Assessing your record, your strengths and weaknesses, and examining the college's selectivity and statistics will give you some idea. Knowing whom a college has admitted or denied in the past can also give you some clue, but be aware that it can be dangerous to generalize too much from past decisions: the student who got in with grades lower than yours may have had unusually strong recommendations; she may have been an extraordinary violinist; he may have been the son of an alumna.
Obviously, grades and test scores are not the only things taken into account in a selective admission process, but it is a good place to start in evaluating your chances at a particular college. The deans have access to a spreadsheet containing three years’ worth of recent college admissions data, College Kickstart allows you to compare your academic profile to other applicants to a particular college, and the back of this Handbook details some useful admissions data. Before you start looking at statistics, however, take the following steps:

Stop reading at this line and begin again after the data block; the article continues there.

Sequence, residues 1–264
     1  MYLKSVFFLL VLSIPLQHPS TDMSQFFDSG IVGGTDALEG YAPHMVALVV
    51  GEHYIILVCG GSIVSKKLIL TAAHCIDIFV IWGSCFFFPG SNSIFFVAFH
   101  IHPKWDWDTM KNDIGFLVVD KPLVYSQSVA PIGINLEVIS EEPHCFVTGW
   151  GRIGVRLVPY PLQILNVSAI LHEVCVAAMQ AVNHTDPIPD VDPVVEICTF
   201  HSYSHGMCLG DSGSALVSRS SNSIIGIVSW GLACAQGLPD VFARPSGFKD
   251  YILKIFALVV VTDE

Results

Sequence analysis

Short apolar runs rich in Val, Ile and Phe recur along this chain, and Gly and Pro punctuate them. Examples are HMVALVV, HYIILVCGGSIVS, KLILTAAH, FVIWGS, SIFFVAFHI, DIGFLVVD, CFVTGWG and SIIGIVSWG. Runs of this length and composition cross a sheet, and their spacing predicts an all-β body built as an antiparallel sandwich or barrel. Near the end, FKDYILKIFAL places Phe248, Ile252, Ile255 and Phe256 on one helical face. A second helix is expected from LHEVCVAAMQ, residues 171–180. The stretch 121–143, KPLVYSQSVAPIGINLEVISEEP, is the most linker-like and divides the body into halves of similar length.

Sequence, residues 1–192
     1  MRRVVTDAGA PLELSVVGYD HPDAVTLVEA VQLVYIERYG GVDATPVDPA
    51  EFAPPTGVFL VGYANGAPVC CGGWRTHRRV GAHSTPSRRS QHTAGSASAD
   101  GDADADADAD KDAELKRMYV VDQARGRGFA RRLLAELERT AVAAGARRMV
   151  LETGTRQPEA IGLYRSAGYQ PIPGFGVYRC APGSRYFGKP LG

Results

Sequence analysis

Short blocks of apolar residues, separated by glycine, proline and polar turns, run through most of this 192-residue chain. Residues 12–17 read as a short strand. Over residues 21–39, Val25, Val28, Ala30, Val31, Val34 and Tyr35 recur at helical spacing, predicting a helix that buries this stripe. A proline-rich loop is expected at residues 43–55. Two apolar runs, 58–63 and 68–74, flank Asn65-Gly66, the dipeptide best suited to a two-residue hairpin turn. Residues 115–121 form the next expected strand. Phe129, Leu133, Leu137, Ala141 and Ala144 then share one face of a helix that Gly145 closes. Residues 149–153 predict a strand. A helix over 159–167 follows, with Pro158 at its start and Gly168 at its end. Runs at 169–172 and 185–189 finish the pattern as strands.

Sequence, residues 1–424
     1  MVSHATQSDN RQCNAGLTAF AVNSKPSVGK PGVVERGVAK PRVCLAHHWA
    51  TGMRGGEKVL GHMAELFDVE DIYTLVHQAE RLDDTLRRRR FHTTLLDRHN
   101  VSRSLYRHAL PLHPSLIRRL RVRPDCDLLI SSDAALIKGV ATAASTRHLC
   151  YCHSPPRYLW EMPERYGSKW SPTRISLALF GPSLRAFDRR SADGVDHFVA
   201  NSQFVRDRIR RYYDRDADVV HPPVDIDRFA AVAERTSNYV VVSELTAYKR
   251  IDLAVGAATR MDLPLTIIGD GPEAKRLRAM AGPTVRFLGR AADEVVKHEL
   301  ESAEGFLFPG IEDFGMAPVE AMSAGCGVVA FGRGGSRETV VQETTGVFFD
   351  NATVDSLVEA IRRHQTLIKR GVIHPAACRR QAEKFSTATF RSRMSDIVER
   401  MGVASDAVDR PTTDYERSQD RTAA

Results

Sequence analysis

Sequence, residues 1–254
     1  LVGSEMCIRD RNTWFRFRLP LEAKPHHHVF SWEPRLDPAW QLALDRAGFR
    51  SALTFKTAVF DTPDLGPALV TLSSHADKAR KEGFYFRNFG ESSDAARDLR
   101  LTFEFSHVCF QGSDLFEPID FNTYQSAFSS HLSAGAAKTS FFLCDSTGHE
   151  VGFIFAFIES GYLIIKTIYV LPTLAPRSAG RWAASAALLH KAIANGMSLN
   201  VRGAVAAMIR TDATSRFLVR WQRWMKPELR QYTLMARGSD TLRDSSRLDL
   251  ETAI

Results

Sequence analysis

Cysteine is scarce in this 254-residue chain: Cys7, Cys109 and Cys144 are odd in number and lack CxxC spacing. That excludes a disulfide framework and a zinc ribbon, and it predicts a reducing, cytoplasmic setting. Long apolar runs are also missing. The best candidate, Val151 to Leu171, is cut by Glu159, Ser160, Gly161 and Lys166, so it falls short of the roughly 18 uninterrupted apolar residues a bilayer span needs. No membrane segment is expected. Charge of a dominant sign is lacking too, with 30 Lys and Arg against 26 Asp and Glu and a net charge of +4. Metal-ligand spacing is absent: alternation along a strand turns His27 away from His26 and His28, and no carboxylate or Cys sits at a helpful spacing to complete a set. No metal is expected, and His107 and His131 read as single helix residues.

Evaluate yourself. What kinds of grades have you earned? What kind of testing profile do (will) you have? How rigorous is the curriculum you have selected? We can help provide a context for this.
Get the facts on the colleges in which you are interested. What is the acceptance rate? What is the average GPA of accepted candidates? What is the middle 50% range of SAT scores of accepted applicants?
Compare your grades and scores with those of your selected schools. College Kickstart is a useful tool that allows you to compare your statistics to previous applicants from AOC.
WHAT IS A LIKELY COLLEGE?